The Body are outsiders in metal, a world obsessed with subgenres that doesn't always take kindly to those daring to colour outside the lines. Bassist and vocalist Chip King and drummer Lee Buford, both based in Portland, flirted with avant-garde structures on last year's stunning EP Master, We Perish and then tipped over into excess with its full-length follow-up, Christs, Redeemers, which came with a string section and vocal choir. As a result they've found themselves on labels like Thrill Jockey rather than traditional metal outlets, and their latest home is RVNG INTL, which might seem unusual for music so primal and unhinged.
In his plan of hell, Dante places suicides in the second ring of the seventh circle — the circle of violence. Here, harpies nest among the gnarled thorn trees that incarcerate the souls of those dead by their own hand. As the harpies feed on the leaves of these hapless trees, a fresh, inescapable agony shoots through the souls’ new-found bodies.
Though doom metal has come to be associated with punishing, high-decibel amp worship, its roots lie more in the feeling it evokes than any sound. It instills the listener with a sense of dread and despair, finding our deepest and most primal fears and jabbing at them until there's nothing left to do but relent and be crushed by the music's glacial heaviness. With I Shall Die Here, experimental doom duo the Body explore the genre with a whole new tool set, pulling together sounds from the noise world to create an album of dark, panic-inducing sonic madness.
Genre boundaries mean nothing to the Body, who celebrate 15 years in the business with their most audacious statement to date in I Shall Die Here. The band, now based in Portland, Oregon after years spent in Providence, Rhode Island, take doom metal as their core template and shred it to pieces until it's completely unrecognizable. The band, a two-piece of drummer Lee Buford and guitarist/singer Chip King, plus longstanding studio collaborators Seth Manchester and Keith Souza, clearly felt something needed to change after their 2013 album, Christs, Redeemers.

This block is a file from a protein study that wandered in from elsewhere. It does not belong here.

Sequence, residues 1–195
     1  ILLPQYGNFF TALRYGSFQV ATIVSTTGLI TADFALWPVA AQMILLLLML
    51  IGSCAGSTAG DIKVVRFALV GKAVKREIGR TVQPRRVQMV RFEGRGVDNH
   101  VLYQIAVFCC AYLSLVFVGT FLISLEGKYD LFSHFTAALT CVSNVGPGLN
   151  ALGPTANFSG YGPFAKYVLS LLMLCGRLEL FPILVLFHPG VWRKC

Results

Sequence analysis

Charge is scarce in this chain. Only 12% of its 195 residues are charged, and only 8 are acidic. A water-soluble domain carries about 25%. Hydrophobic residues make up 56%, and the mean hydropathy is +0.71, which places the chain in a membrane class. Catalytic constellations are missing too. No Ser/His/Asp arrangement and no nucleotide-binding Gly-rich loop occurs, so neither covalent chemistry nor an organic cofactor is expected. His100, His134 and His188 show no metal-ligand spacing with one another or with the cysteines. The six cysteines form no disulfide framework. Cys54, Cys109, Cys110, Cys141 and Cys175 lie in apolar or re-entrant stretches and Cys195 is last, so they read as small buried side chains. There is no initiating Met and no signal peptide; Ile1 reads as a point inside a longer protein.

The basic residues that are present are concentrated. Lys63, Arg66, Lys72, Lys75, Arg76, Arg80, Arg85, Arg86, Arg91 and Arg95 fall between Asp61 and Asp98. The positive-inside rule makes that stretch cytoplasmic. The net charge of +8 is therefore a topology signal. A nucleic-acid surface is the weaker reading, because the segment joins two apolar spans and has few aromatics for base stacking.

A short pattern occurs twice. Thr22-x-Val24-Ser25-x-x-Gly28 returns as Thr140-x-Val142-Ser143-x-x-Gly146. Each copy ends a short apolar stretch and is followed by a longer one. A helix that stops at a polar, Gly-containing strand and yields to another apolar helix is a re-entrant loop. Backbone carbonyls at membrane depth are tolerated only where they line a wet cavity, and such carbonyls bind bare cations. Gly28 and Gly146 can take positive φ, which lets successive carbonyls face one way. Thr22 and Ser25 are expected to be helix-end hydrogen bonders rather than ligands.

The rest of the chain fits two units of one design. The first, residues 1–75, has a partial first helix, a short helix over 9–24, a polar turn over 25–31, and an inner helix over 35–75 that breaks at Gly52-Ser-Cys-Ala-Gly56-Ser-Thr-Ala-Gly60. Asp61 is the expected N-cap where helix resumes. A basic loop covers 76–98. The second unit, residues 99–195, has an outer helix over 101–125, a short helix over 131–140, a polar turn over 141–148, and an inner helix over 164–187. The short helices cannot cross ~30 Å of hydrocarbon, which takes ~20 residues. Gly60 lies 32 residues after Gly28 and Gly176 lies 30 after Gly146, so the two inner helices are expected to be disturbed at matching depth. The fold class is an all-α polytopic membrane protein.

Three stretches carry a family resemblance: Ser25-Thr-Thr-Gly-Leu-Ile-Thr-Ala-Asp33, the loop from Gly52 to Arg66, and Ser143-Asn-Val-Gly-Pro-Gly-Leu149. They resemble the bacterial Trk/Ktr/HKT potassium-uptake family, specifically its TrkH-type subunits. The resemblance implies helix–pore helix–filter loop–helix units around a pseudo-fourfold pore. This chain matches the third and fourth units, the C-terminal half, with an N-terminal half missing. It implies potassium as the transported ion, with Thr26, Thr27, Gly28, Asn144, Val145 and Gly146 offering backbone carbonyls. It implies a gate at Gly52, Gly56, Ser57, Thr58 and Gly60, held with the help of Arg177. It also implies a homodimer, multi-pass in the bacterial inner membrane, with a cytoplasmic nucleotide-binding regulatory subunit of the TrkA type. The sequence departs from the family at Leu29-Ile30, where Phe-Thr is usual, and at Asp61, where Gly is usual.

Head here to submit your own review of this album. It's perhaps fitting that The Body make some of the most physical music around. The sounds they create aren't puny vibrations of air, but huge pummelling blasts of noise that can shatter windows and reanimate the dead - at least that's the impression left by their latest record, I Shall Die Here. What awaits the listener is a brutal record that operates very much in the low-end of the aural spectrum.
The Body — I Shall Die Here (RVNG Intl)I Shall Die Here sits at the confluence of different genres without ever sounding confused, incoherent or ill-defined. Quite the opposite in fact: these six tracks are as solid as a boulder slamming relentlessly towards you down a mountain side. I Shall Die Here is, put simply, the most brutal and unforgiving album released in many a year, one whose sheer extremism even puts most black metal to shame.And it is a metal album at heart, but drummer Lee Buford and singer/guitarist Chip King made the bold move to pitch their traditional-sounding heavy doom into a black hole of new found textures, turning in the process to The Haxan Cloak’s Bobby Krlic.
Founded in 1999 in Providence, Rhode Island, The Body have carved out a niche at the artier, ultra-extreme end of contemporary metal, their blend of churning sludge instrumentation and hysterically shrieked vocals comparable to Stephen O’Malley’s early ‘00s group Khanate. The Body, however, have appeared set on pushing boundaries: their highly recommended 2011 album All The Waters Of The Earth Turn To Blood employed the 24-voice Assembly Of Light choir, and drew influence from doomsday prophets such as Charles Manson, Jim Jones, and Shoko Asahara of the Japanese cult Aum Shinrikyo. The aim, vocalist/guitarist Chip King told me around the album’s release, was to “contrast beauty and ugliness… to present a vision of a flawed world.